cities down the centuries,
interrupted, startled,
terrified, growling deep,
feral, innocent,
instincts bristling.

Some recent poems


Catering to the desire to see
further than is possible
when using the naked eye,
the desire to see the
Yellow- breasted Chat
who chuckles in the Cape May sun
from a distant treetop,
Binoculars present the opportunity.
Objective lens,
Ocular lens,
Porro Prism
Provide precision,
and even better,
Eye Relief.

Rubber eyepieces now crumble
from age, sweat,
skin oil,
bug spray.
Still the collimation offers
perfect stereoscopic vision.
The interpupillary distance
between the pupils of the eyes
is different for each person.
Thus the central hinge
permits differentiation.

The Yellow-breasted Chat
glows buttery gold
in the sunlight,
appearing eight times
closer to me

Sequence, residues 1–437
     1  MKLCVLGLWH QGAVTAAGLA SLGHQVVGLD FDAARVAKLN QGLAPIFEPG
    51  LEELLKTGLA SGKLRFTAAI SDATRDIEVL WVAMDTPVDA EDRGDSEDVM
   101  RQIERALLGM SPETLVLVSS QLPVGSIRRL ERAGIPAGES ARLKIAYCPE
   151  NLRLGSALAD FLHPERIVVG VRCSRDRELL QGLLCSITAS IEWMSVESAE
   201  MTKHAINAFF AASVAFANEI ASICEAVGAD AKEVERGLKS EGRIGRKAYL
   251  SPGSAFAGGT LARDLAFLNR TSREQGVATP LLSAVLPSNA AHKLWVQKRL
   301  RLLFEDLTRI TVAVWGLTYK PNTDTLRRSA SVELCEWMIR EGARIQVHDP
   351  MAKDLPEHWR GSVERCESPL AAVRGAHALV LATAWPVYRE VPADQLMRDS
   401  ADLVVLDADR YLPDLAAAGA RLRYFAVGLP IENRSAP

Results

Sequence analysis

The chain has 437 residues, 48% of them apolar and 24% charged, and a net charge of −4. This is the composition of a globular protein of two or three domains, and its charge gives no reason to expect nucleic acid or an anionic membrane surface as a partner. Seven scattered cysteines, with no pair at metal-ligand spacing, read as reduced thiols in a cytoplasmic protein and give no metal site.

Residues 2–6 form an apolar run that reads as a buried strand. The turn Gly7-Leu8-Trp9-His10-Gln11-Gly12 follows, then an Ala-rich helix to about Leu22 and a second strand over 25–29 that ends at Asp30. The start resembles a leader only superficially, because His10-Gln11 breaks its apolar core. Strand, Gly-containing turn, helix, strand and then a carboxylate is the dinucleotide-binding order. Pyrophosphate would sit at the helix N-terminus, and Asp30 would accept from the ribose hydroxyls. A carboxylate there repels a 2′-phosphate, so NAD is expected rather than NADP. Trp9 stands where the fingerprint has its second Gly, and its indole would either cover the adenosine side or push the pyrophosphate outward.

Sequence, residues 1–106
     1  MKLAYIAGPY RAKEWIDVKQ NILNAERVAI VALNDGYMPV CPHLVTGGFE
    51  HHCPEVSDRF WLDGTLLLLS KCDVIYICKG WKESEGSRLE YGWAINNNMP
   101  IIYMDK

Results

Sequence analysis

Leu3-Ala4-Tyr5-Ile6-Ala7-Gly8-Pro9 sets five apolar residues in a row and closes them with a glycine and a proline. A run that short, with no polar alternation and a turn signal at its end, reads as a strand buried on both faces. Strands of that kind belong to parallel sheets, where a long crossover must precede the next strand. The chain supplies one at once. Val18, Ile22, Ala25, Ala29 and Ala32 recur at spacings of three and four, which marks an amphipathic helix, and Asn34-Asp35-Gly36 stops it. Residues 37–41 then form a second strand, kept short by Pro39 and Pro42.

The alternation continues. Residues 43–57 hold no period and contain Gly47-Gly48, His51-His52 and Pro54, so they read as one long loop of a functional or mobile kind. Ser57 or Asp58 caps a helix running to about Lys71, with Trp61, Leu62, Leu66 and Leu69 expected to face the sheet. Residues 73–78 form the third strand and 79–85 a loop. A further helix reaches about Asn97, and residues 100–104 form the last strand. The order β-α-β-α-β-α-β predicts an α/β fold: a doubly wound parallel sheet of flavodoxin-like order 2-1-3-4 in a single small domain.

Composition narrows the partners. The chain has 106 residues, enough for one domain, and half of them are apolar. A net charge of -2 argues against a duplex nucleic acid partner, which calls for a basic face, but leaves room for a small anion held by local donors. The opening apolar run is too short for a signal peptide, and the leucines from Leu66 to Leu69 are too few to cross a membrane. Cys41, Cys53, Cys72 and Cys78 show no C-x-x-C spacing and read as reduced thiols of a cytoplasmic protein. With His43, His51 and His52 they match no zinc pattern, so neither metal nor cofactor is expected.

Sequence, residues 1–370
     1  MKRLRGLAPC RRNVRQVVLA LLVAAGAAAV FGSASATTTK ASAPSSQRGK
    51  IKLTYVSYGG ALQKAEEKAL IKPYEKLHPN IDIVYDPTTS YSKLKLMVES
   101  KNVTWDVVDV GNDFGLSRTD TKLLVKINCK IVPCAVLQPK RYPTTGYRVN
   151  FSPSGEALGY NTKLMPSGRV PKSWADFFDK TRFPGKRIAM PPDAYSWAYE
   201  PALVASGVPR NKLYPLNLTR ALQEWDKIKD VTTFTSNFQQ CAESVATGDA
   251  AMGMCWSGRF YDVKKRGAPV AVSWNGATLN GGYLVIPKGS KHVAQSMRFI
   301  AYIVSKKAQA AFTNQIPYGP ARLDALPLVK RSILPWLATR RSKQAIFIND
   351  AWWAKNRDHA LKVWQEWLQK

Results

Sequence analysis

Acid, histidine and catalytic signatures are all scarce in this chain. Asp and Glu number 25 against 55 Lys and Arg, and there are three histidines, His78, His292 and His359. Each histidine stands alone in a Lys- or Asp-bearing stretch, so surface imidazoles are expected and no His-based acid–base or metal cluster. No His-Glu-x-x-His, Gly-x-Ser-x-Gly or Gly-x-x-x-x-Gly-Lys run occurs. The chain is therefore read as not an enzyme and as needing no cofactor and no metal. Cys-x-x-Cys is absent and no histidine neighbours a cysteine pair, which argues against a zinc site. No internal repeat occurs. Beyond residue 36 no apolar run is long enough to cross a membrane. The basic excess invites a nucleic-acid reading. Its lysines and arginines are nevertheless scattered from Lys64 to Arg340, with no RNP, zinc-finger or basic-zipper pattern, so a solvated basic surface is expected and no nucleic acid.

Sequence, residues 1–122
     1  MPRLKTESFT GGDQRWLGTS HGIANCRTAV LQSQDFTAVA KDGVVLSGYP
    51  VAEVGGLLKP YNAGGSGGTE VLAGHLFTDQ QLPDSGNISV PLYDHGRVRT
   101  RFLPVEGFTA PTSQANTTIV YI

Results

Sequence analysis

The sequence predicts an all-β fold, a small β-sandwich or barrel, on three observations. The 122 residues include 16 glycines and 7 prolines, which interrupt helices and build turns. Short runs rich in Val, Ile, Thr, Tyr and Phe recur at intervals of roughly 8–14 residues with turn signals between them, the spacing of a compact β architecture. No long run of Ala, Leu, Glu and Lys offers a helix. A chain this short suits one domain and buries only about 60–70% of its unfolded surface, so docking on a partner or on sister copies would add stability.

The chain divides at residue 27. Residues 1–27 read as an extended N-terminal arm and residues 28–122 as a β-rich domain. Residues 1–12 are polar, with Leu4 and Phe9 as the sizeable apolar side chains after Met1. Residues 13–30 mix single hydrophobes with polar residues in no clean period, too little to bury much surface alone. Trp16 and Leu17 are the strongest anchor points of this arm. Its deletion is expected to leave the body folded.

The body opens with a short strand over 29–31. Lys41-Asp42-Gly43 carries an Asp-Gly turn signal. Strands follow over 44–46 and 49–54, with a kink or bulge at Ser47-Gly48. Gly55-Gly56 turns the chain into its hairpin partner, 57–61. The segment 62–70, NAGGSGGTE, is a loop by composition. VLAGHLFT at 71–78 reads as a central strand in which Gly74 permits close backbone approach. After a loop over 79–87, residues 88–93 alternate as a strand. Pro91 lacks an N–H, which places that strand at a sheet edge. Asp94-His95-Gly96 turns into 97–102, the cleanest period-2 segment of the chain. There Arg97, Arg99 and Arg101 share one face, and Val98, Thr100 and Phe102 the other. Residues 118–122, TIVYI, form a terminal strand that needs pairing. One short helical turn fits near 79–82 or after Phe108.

than he actually is.
I can almost see the lustful glint
in his beady black eyes.

Monday, June 22, 2009

Waiting for Harry Potter

For six years or so I have been fascinated by the Harry Potter books and films.
I'm not sure why! I've read the books and watched the films more than once.
I've also been avidly reading the blogs of Travis Prinzi and Janet Batchelor,
enjoying their grownup perceptions about the characters, and even more, about the
craft of Rowling.

So, the Half-Blood Prince film is due out in less than a month. I'll wait to see it
until at least August, hoping the lines won't be so long then.

Tuesday, June 16, 2009

Lost Planner

Sometime between Sunday and today, I misplaced my Monthly Planner.